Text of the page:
Thanks for the idea, Kit! I'm going to have to order that book, I
also love using books for examples and incorporating literacy into
lessons. Thanks for the suggestions! Kitty
On 1/31/13, kitmusic/OK wrote:
> Here's what I do:
> I choose a theme and introduce that theme -- either using a book
> or from pictures that I've gathered and put on the smartboard. It
> helps if the theme is based on something in nature -- like stars,
> or animals, or weather, or something like that.
> Then, after reading the book -- having kids look at the pictures,
> etc... you ask the kids to name as many aspects of that theme.
> For example, if your theme is "trees", then have them name as many
> trees as they can -- that's why a book or pictures are good, to
> help kids think of those words.
> Then, you use one measure rhythm patterns in 2/4 meter -- for
> example - one measure is two quarter notes (ta, ta), one measure
> is one quarter followed by barred eighth notes (ta titi), one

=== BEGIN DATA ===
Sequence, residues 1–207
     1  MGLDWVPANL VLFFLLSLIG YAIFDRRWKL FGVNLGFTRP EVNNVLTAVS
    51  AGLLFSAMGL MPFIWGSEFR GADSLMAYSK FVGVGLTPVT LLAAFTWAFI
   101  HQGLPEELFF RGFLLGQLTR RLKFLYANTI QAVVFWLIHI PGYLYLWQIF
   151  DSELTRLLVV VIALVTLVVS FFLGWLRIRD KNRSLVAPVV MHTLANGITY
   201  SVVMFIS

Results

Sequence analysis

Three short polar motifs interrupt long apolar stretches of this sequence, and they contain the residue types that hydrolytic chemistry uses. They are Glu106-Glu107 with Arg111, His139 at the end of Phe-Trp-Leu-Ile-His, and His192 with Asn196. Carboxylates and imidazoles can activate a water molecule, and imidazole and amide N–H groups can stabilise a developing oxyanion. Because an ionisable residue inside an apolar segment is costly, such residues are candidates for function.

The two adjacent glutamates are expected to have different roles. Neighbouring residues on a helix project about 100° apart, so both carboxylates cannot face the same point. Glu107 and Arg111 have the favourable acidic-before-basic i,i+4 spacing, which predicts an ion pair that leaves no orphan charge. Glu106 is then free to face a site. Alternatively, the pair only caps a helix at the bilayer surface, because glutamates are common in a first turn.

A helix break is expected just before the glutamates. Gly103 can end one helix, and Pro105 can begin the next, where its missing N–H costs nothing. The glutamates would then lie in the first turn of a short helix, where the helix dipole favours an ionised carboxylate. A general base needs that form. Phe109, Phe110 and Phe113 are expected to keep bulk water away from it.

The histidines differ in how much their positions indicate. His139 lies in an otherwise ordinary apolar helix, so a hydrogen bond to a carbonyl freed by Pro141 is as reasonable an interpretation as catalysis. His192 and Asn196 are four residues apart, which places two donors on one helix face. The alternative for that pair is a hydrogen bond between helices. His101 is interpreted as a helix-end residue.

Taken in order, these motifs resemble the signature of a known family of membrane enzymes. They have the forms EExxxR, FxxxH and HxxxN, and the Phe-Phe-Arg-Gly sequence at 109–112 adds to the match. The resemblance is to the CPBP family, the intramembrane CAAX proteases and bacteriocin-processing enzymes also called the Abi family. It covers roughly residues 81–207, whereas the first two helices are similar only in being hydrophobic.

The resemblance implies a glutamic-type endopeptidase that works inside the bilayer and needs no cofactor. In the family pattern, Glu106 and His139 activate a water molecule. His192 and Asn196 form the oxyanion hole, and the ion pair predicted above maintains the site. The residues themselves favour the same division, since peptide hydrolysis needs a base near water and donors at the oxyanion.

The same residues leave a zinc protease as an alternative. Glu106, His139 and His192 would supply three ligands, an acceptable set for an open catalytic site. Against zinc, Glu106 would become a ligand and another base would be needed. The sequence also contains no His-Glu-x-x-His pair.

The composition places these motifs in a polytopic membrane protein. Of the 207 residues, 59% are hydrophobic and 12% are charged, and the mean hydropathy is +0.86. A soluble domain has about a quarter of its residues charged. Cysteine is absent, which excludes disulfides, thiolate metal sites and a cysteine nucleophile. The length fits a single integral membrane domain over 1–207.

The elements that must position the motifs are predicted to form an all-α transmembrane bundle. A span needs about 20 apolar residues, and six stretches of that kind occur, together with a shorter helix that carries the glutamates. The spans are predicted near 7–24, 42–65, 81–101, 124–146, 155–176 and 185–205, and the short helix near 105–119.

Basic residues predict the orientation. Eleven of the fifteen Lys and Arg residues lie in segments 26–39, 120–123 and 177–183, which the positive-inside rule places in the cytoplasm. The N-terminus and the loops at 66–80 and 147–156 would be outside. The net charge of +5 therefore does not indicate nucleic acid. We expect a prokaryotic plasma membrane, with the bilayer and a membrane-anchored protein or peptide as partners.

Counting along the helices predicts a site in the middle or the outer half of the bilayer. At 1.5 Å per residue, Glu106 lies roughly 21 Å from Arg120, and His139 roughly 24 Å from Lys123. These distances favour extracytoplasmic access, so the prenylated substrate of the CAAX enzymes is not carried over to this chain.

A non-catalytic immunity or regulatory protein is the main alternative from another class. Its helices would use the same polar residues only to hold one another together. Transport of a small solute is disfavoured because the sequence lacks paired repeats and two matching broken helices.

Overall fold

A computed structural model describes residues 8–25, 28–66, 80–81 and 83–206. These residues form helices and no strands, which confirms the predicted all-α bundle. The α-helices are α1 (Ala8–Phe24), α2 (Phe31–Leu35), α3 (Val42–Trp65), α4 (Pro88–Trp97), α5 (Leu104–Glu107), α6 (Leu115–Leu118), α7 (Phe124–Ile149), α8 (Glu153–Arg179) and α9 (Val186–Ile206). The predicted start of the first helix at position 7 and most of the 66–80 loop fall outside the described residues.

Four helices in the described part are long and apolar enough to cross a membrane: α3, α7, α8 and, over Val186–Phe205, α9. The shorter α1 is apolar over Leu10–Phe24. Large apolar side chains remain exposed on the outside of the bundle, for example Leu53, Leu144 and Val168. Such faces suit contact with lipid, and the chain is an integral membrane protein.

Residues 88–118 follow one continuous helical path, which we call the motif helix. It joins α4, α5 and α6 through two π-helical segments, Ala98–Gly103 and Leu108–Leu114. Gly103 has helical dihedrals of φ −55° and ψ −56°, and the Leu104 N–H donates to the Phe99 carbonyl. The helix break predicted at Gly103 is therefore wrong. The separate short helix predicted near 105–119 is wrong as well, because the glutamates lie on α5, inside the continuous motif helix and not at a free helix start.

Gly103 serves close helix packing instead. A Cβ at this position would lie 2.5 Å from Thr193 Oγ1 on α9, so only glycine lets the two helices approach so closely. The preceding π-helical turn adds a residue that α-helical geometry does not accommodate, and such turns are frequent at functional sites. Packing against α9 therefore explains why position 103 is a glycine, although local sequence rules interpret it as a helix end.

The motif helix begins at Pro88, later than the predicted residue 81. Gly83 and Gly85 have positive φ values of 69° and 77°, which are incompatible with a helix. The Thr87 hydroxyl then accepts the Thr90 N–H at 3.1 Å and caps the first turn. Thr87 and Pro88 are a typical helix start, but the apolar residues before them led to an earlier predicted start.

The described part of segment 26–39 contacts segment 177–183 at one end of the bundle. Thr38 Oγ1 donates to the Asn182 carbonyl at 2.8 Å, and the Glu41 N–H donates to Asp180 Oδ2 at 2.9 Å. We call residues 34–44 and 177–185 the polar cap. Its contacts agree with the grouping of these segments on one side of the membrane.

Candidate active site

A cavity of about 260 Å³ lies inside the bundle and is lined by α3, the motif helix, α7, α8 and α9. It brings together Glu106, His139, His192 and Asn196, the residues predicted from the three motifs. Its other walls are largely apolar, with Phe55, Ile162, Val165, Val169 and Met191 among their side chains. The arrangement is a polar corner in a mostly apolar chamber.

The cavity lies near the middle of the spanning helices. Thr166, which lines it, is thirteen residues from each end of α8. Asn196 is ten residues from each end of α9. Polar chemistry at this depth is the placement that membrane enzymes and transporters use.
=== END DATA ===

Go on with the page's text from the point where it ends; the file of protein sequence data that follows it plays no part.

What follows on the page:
> measure is a quarter note and a rest( ta, rest), one measure is a
> set of barred eighth notes followed by a quarter (titi ta), and
> one measure is two sets of barred eighth notes (titi titi). Then,
> you have the kids match one of the names to the rhythm that fits.
> For example: ta ta might be "oak tree", ta titi might be "crepe
> myrtle". Get it?
> Practice putting these "model words" into different combinations
> -- using all four levels of body percussion. Then separate the
> kids into 4 groups and have each group choose their own two model
> words to practice saying 4 times each. They can also decide what
> body percussion they are going to use with their rhythm.
> Then, you put it into a rondo form like this -- choose a song that
> will be the A section -- in the case of a tree theme, you can use
> "Shake the Papaya" -- or "Shake them Simmons" -- but only sing the
> first part. Then each new section is one of the groups who clap
> and say their rhythm 4 times -- so their rhythm is the same length
> as the song. Once a group has performed their rhythm 4 times
> each, then sing the A section again, and go to the next group.
> Your form should look like ABACADAEA -- and as a Coda, start one
> group, and have other groups come in, so all the rhythms can be
> It's a COOL thing to do! And from there, you can expand it by
> having each group choose an instrument timbre to illustrate their
> rhythm, or create movement WITH their instruments.
> These rhythms are also called "model words", and this exercise as
> well as others can be found in a book called "Elementaria". I
> highly recommend it!
> I hope that helps!
> Good luck!
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